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Home » News » Barred owl nest in a Lee's Summit backyard...

Barred owl nest in a Lee's Summit backyard is a wildlife watching treat

Barred owl nest in a Lee's Summit backyard is a wildlife watching treat

May 3, 2013

“Is it spring yet?” these young barred owls seem to be asking as they peer from their nest in
Lee’s Summit.

Photos by Bill Graham,
Missouri Department of ConservationP

You might call this the big bird show for Dick and Jane Petri, ardent backyard wildlife watchers. Barred owls are raising at least two chicks in a nest that is mere yards from their deck. The owls don’t seem to mind onlookers, and the Petri’s find their gaze often trained on the nest high in a hollow dead limb on a large cottonwood tree.

One evening they watched the male and female owl chase marauding crows away from the nest.

“It’s really something to see,” Jane Petri said. “This is fun. We waste a lot of time out here watching.”

The Petris, retirees, keep bird feeders filled near their deck. Carolina wrens are nesting in some shoes tacked on the back wall.  But about a month ago, they noticed bigger parents in view _ the barred owls.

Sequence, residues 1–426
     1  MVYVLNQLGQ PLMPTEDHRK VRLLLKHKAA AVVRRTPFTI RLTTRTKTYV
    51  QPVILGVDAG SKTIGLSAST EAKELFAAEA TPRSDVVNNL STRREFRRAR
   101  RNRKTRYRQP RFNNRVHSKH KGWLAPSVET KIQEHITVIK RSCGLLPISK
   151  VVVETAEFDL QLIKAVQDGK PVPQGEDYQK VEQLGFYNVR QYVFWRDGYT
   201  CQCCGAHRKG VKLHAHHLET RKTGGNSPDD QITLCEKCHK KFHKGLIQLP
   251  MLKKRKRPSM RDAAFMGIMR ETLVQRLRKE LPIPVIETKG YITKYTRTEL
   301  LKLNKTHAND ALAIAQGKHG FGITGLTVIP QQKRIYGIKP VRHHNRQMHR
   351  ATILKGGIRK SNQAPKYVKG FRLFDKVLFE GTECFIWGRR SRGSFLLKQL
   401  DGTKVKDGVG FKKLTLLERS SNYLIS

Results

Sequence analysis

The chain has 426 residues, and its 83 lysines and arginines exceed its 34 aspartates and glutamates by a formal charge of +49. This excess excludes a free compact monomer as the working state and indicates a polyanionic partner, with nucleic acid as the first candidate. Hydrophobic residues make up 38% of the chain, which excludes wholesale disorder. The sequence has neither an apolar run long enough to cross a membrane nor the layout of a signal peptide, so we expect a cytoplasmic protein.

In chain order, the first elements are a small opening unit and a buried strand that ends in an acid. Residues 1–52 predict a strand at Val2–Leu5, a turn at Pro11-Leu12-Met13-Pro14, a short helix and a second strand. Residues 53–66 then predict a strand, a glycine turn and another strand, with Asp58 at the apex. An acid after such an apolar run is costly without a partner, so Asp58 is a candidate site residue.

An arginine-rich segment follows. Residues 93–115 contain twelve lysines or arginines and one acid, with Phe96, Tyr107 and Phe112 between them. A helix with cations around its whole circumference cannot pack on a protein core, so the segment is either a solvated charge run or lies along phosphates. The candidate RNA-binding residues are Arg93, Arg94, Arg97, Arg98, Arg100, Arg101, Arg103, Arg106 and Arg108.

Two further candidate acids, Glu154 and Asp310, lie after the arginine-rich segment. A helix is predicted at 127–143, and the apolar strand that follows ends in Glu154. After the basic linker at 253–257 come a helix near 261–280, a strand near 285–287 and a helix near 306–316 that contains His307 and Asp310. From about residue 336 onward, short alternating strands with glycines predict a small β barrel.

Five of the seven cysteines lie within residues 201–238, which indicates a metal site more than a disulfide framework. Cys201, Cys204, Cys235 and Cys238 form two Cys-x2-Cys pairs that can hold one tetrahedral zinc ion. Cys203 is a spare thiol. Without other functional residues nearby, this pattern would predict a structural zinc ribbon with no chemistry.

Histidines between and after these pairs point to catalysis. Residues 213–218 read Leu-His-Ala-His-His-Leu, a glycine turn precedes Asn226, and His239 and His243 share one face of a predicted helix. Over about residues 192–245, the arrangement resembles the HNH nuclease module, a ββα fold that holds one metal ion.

A natural commons area with a small creek and is near the back of their property line. An owl pair chose a cavity in a broken off cottonwood limb as a nest spot.

One parent is often sitting on a nest, while another watches the neighborhood from another tree. Sometimes both parents leave the nest and hoot at one another. Their call described as ““who cooks for you, who cooks for you all” loudly echoes between the neighborhood houses.

On Wednesday, May 1, an adult owl left the nest but kept watch from a perch in a nearby tree. Soon one owlet poked its head up and gazed out on the world, then came another.

“That’s the first time we’ve seen two of them,” Jane Petri said. “We’re not sure how many young are in the nest.”

The Petri vegetable garden is perhaps a bit safer from rabbits and mice as the parents hunt food for the owlets. The chicks still have downy heads and down on their wing feathers. But the young owls will soon mature enough to leave the nest.

For now, Petri said, “they’re sure fun to watch.”

For more information on owls and wildlife, go to http://mdc.mo.gov.


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